Factoid: Since 2009, South Africa has made considerable progress against the scourge of HIV/AIDS‚ with a marked decline in the number of new infections. Between 2009 and 2016, the total number of new HIV infections declined countrywide by 39%.
IRR analyst Tawanda Makombo said the previously high rate of new HIV infections declined largely as a result of improved HIV/AIDS awareness and campaigning strategies in schools‚ hospitals and communities.
Project Managers: Andras Namenyi
In South Africa, half of all new HIV-AIDS infections is amongst teenagers. As a part of the fight against the HIV/AIDS pandemic in the country, staff of Namenyi Project Hope (formerly "Matumaini Project Hope") holds AIDS awareness seminars for the students of many rural area schools around Durban.
In addition to education, there is little debate as to the integral part that nutrition plays in HIV prevention, treatment and mitigation. Namenyi Project Hope undertakes feeding programs in schools, orphanages and clinics where a high percentage of the children are impacted by AIDS, delivering healthy food on a regular basis (fruit, vegetables, meat, and bread).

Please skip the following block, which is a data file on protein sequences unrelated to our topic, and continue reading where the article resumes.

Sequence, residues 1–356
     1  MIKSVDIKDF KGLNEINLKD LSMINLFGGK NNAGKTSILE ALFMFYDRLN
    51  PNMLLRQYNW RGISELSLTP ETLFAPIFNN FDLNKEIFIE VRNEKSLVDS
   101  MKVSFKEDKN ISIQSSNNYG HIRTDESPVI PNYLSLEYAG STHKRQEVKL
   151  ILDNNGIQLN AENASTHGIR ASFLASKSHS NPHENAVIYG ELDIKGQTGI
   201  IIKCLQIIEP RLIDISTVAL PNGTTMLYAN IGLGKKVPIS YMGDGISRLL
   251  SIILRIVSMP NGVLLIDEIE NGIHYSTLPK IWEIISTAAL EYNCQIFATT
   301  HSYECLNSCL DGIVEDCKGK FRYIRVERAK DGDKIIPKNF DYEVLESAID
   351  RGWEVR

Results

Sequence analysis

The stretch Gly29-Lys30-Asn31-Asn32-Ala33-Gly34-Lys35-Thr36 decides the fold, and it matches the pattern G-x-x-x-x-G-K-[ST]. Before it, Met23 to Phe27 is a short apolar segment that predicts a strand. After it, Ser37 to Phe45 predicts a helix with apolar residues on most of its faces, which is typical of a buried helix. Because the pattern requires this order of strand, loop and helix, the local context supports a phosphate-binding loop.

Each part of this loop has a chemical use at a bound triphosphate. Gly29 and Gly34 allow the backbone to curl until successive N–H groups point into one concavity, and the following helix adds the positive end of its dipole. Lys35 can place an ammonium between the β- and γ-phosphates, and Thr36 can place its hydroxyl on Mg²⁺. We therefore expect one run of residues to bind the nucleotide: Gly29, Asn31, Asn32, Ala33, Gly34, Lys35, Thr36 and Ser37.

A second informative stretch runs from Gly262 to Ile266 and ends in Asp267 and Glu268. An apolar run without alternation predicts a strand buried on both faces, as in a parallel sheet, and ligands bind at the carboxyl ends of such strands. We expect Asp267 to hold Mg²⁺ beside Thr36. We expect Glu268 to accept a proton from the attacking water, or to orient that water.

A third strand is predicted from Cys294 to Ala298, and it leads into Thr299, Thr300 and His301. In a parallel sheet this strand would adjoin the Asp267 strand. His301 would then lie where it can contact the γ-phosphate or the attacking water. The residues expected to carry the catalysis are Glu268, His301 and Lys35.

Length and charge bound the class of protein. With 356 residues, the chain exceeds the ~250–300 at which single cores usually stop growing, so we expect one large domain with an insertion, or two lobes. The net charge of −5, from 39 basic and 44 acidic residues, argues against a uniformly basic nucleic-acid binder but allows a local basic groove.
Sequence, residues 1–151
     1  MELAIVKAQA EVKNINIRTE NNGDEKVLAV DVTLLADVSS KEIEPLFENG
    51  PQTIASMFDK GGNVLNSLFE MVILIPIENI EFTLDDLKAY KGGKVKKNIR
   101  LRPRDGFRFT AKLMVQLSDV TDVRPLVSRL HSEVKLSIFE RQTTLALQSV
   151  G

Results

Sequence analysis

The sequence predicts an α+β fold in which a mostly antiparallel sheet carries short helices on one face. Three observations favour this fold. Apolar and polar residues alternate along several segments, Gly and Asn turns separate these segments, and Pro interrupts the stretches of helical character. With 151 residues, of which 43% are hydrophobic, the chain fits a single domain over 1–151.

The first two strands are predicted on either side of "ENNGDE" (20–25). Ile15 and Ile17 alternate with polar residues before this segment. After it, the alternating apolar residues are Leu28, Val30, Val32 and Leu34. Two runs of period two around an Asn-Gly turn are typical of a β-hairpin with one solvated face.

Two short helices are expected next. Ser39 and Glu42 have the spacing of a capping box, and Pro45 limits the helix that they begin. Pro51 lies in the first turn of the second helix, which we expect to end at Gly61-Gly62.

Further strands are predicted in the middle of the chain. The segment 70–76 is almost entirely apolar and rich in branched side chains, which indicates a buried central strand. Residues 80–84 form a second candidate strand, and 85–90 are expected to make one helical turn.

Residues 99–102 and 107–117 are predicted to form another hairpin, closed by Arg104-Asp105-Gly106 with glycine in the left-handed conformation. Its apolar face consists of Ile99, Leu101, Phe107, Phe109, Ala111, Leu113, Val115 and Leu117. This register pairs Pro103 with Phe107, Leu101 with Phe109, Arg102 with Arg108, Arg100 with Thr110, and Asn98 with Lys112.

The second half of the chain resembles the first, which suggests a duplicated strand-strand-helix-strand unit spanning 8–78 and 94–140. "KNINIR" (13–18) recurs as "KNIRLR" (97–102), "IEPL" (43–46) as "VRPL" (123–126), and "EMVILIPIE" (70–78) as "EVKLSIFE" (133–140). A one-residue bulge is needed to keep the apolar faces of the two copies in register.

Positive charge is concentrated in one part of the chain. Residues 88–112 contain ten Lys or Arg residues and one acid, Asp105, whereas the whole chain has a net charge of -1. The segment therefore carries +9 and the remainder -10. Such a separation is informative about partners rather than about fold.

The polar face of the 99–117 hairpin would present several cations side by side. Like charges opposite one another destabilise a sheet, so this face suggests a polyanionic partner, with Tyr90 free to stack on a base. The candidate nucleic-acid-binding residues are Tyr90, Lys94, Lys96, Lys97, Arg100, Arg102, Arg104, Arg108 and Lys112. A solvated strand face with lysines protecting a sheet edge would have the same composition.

Namenyi Project Hope also assists rural area schools in becoming self-sufficient as far as food is concerned, by training them to grow and harvest high nutrition vegetables like spinach or cabbage. The vegetable is added to the daily soup ration customarily fed to school children in primary and secondary schools. Crops grown in vegetable tunnels are largely protected against climatic extremes, as well as free from insect attack and other destructive blight. Most importantly, the yield can be 8 times more than it would be in an open plot. Each food tunnel costs $270 and each set of seedlings provides 12-14 harvests, after which the only further investment is the cost of new seedlings.
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